Being a School Dad

Kids are back in the groove of school- studies, activities, events, and friendships.  Undoubtedly, they will have this year’s circle of friends, they know which subjects (and teachers) they like and the ones they are struggling with, they have decided which extra-curricular activities to participate in and are even looking forward to the holiday breaks that are right around the corner.   While great strides have been made with getting people vaccinated, there are still children and other adults who are on opposite sides of the fence regarding the vaccine.  You must remember, from your children’s perspective, school is not only about the learning, but also the social component. It is important that you support both components of their education. Your districts and schools are doing what is in the best interest of your children and their staff (whether you agree or not).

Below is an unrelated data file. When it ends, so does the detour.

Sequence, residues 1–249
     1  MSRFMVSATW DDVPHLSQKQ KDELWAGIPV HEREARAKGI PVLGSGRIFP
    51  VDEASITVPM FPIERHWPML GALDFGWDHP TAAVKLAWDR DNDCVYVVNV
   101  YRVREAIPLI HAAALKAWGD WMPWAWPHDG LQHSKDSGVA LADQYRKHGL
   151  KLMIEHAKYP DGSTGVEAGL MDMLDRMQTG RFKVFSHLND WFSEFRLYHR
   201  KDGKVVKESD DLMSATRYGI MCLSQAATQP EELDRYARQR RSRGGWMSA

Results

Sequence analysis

Where do you fit in your child’s school community?  For our children, school is where they spend most of their awake time each day. Just like adults with work.  Our kid’s teachers, classmates, and activities mean the world to them.  There are fantastic days and there are bummers. This is the very reason we, as their parent, need to be involved in their school world too.  They need our guidance and support. Since a return to home schooling still may be a possibility, especially in some states, it is even more important you are on top of what is going on with their education.


All too often, as a single dad, you might feel awkward or unwelcome in the school community.  Perhaps, your child’s Mom tries to keep you away, or you believe the school is her domain with the kids, so you do not get involved.  It is important for you to realize that your child wants and needs you too.  Get engaged.  Do it for your child, if for no other reason than they deserve and want to know you care!  It helps them succeed too!


What about those kids you have in college?  Yes, they are young adults and 18 or older, but that does not mean you stop being engaged.  Your adult children may not need you to tell them to do their homework, what time to go to bed or meet with their professors on their progress, but you DO NEED TO BE ENGAGED! Being engaged does not mean you are a helicopter parent.  Find that balance.